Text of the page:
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T1 - Thirty-day readmissions after transcatheter aortic valve implantation versus surgical aortic valve replacement in patients with severe aortic stenosis in New York State

AU - Hannan, Edward L.

AU - Samadashvili, Zaza

AU - Jordan, Desmond

AU - Sundt, Thoralf M.

AU - Stamato, Nicholas J.

AU - Lahey, Stephen J.

AU - Gold, Jeffrey P

AU - Wechsler, Andrew

AU - Ashraf, Mohammed H.

AU - Ruiz, Carlos

AU - Wilson, Sean

AU - Smith, Craig R.

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N2 - Background - Several studies have compared short-term and medium-term mortality rates for patients with severe aortic stenosis undergoing transcatheter aortic valve implantation (TAVI) and surgical aortic valve replacement (SAVR), but no studies have compared short-term readmission rates for the 2 procedures. Methods and Results - New York's Cardiac Surgery Reporting System was used to propensity match 617 TAVI and 1981 SAVR patients using numerous patient risk factors contained in the registry. The 389 propensity-matched pairs were then used to analyze differences in readmission rates between the 2 groups. TAVI and SAVR readmission rates were also compared for patients with a history of congestive heart failure and for patients aged ≥80. Also, reasons for readmission for TAVI and SAVR patients were examined and compared. Readmission rates were not statistically different for all propensity-matched TAVI and SAVR patients (respective rates, 18.8% and 19.3%; P=0.86). After further adjustment using a logistic regression model, there was still no significant difference (adjusted odds ratio, 0.97; 95% confidence interval [0.68-1.39]). For patients aged ≥80, the 30-day readmission rates were 19.9% and 22.0% (P=0.59), and when further adjusted using the logistic regression model, adjusted odds ratio=0.89 (0.55-1.45). For patients with a history of congestive heart failure, the respective rates were 22.8% and 20.4% (P=0.56), and with further adjustment, adjusted odds ratio became 1.15 (0.72-1.82). Conclusions - There are no statistically significant differences between TAVI and SAVR patients in short-term readmission rates.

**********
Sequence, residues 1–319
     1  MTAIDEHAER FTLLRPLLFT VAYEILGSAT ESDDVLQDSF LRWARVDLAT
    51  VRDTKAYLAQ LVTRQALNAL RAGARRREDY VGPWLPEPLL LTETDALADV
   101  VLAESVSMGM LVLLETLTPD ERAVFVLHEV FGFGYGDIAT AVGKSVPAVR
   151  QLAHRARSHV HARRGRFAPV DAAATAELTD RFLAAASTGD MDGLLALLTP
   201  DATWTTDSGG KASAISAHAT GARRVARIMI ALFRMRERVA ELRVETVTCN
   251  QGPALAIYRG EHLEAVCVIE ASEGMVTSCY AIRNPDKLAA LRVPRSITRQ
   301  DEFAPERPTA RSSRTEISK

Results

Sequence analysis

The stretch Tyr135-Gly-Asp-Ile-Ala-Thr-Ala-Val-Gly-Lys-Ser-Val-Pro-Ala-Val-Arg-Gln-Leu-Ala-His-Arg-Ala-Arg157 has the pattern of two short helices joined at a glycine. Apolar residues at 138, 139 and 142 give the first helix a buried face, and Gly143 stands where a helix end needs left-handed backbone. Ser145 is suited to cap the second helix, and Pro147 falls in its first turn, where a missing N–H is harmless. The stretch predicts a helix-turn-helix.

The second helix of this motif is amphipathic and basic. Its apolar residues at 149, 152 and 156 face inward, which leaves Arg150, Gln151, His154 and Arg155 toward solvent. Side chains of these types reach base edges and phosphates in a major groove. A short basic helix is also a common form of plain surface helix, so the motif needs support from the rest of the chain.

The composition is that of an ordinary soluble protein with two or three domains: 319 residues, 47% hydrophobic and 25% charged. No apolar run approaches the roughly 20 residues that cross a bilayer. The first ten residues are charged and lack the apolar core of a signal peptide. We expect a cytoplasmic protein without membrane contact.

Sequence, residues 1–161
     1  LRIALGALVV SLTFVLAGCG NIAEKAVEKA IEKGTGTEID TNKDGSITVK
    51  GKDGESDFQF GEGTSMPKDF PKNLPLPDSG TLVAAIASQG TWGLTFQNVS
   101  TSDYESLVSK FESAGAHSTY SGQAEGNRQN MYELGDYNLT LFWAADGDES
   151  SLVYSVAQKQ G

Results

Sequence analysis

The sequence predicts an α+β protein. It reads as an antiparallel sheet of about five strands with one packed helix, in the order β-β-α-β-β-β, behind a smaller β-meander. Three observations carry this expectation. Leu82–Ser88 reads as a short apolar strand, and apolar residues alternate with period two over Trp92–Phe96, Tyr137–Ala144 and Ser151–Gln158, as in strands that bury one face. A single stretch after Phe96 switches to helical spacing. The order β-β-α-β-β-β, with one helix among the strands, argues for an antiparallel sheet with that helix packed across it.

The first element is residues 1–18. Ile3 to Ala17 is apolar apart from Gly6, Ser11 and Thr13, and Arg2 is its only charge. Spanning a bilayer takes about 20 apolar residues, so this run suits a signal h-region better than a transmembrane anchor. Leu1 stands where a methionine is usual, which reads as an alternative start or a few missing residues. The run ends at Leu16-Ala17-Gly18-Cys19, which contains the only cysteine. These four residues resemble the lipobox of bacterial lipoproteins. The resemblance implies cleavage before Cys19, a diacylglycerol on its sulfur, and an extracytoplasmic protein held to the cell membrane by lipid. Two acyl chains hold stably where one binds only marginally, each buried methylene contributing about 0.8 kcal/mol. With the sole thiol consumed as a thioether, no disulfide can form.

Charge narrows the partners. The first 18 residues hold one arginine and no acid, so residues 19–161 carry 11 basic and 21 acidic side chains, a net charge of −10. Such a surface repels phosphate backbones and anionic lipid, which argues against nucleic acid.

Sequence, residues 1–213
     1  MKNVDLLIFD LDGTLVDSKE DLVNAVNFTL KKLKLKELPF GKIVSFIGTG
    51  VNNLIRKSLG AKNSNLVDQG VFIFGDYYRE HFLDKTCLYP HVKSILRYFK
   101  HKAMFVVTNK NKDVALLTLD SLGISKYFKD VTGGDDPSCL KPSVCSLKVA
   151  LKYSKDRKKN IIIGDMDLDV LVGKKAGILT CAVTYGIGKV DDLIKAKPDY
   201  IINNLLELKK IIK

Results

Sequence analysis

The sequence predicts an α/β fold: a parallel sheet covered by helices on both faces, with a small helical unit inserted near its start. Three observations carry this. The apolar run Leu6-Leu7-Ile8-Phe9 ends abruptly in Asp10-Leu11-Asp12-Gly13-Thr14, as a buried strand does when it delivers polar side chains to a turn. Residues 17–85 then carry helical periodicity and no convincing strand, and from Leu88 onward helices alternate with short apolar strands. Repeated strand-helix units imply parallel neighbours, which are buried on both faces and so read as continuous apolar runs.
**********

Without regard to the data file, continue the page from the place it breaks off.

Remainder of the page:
AB - Background - Several studies have compared short-term and medium-term mortality rates for patients with severe aortic stenosis undergoing transcatheter aortic valve implantation (TAVI) and surgical aortic valve replacement (SAVR), but no studies have compared short-term readmission rates for the 2 procedures. Methods and Results - New York's Cardiac Surgery Reporting System was used to propensity match 617 TAVI and 1981 SAVR patients using numerous patient risk factors contained in the registry. The 389 propensity-matched pairs were then used to analyze differences in readmission rates between the 2 groups. TAVI and SAVR readmission rates were also compared for patients with a history of congestive heart failure and for patients aged ≥80. Also, reasons for readmission for TAVI and SAVR patients were examined and compared. Readmission rates were not statistically different for all propensity-matched TAVI and SAVR patients (respective rates, 18.8% and 19.3%; P=0.86). After further adjustment using a logistic regression model, there was still no significant difference (adjusted odds ratio, 0.97; 95% confidence interval [0.68-1.39]). For patients aged ≥80, the 30-day readmission rates were 19.9% and 22.0% (P=0.59), and when further adjusted using the logistic regression model, adjusted odds ratio=0.89 (0.55-1.45). For patients with a history of congestive heart failure, the respective rates were 22.8% and 20.4% (P=0.56), and with further adjustment, adjusted odds ratio became 1.15 (0.72-1.82). Conclusions - There are no statistically significant differences between TAVI and SAVR patients in short-term readmission rates.

KW - aortic valve stenosis

KW - heart failure

KW - patient readmission

KW - risk factors

KW - transcatheter aortic valve replacement